My frustration with large production templates is simple. I love designing them. I love adding tracks, setting up the midi, routing the audio, and selecting the track stave for scoring and recording in Logic X. I love doing all that, but I rarely use the template when completed. I’ve tried time and time again to keep a file of templates around for quick, easy use, but I fail to use them. So am I saying production templates are wrong? No, I’d say most people producing music today use templates, and I do as well.
I said I had an issue with large production templates. For example, using a sizeable orchestral template to write a string quartet, the template is way too large for the project and gets in the way. I imagine most people don’t feel like that.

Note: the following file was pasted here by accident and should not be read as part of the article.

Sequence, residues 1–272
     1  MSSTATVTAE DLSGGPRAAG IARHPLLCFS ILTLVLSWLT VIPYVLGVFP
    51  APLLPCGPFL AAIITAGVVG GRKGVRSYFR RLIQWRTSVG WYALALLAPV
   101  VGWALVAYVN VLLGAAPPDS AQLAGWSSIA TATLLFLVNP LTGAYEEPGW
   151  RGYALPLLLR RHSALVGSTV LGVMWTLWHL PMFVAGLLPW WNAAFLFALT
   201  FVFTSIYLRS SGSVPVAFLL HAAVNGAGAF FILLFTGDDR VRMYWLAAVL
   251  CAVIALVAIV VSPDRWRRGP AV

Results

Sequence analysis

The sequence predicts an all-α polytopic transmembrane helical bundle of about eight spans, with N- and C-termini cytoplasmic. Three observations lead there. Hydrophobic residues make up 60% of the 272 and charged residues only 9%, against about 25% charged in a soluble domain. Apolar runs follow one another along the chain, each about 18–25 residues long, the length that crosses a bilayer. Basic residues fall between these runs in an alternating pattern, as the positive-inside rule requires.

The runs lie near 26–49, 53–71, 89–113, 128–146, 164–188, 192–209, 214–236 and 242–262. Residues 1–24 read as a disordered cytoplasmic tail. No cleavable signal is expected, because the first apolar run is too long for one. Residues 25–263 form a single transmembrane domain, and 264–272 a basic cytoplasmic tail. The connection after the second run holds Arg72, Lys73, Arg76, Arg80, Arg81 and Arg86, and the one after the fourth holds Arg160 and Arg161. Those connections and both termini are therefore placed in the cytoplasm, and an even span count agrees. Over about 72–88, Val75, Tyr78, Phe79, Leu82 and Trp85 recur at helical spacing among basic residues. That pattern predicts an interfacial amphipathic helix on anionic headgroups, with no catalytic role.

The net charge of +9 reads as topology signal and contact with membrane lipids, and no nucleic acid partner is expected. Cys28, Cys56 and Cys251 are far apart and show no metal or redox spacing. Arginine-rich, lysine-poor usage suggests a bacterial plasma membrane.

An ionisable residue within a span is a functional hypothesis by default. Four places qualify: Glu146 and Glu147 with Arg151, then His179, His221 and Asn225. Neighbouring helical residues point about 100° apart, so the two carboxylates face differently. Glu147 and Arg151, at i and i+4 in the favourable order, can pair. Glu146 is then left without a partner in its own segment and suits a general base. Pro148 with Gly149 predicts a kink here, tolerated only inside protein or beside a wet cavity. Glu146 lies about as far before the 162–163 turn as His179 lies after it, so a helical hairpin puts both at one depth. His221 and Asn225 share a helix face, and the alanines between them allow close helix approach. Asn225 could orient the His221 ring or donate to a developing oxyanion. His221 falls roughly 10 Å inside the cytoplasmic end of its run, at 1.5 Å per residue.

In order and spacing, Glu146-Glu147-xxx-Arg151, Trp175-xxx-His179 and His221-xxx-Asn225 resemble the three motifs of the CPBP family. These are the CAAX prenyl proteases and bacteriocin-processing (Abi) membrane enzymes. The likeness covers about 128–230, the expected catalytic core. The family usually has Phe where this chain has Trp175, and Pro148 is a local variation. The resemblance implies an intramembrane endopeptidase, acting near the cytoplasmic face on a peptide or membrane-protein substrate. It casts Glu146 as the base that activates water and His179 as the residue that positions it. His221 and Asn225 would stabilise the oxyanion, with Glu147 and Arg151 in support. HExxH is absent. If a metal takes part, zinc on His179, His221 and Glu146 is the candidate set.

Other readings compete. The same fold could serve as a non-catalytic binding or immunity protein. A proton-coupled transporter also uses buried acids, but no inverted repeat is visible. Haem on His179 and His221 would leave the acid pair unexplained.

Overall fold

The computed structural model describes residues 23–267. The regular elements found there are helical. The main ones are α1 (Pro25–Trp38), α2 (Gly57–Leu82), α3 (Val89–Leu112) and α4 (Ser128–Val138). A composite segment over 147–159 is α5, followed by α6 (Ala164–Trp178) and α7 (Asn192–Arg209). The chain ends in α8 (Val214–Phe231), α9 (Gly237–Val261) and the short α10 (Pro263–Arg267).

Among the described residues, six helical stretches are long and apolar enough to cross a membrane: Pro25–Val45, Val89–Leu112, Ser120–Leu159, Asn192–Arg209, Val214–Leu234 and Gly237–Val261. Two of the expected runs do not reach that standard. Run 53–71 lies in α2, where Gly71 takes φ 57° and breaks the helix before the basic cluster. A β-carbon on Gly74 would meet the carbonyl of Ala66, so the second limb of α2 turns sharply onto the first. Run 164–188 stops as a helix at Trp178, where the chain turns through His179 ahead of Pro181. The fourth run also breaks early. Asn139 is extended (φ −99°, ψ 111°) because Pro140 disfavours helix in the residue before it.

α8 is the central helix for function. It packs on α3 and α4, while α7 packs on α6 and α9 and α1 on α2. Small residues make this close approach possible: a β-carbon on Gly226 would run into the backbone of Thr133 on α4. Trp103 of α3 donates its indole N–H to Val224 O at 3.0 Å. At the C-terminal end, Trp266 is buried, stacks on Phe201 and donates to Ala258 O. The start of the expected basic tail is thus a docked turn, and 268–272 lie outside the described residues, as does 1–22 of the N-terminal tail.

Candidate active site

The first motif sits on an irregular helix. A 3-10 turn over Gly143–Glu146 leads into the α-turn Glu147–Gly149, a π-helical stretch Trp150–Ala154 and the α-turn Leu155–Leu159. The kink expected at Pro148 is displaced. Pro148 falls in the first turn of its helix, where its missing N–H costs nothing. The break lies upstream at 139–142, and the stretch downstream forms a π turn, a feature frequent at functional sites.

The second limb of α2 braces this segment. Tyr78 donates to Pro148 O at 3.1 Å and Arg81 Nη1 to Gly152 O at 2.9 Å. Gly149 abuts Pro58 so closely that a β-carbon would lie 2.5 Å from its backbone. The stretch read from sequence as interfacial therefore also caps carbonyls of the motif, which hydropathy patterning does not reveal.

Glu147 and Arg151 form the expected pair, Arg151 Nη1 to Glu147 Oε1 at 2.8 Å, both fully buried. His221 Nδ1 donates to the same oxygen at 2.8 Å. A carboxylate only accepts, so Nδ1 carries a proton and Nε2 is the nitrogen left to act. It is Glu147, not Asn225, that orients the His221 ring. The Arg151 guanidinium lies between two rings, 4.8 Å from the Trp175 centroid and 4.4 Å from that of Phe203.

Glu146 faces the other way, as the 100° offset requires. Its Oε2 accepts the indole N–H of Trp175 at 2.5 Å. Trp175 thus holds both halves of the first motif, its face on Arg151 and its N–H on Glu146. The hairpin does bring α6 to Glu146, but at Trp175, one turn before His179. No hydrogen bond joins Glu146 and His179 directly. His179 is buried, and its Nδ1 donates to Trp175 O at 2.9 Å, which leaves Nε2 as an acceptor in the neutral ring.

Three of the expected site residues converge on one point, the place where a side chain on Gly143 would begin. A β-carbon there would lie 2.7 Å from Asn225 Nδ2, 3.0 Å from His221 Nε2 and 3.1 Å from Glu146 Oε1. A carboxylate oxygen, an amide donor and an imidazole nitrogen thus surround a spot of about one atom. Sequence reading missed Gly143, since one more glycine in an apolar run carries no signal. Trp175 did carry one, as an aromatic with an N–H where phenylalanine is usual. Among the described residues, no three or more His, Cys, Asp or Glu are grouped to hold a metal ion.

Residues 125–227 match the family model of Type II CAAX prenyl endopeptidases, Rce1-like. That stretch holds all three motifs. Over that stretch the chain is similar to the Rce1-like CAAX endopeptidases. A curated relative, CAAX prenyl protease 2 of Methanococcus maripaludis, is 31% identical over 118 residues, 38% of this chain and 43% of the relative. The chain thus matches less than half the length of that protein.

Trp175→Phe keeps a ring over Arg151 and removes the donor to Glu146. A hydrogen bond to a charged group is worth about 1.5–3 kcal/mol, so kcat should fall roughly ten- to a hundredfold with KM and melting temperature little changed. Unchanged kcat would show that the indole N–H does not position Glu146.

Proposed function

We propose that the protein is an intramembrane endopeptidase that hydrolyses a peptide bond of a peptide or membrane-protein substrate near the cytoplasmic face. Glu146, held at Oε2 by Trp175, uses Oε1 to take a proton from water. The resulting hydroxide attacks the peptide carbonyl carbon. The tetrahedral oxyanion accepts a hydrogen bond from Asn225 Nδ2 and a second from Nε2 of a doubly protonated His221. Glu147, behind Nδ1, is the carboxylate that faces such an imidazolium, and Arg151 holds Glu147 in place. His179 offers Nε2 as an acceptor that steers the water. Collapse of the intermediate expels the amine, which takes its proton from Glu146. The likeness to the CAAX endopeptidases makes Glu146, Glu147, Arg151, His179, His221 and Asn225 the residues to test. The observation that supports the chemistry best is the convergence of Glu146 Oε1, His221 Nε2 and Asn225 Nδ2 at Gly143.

I like working in minimal templates, I love key switches, and my ideal template looks incredibly close to the score I’ll produce. So I work by album. If I have five instruments, I have five tracks. I find things most comfortable that way.
Since I have a theme for each album I create, I have a template for each piece recorded on the same album. It’s a strange way to work, but my method works well for me. I put the album template in a file, and duplicate that template by the number of pieces I want on the album, then start composing and recording.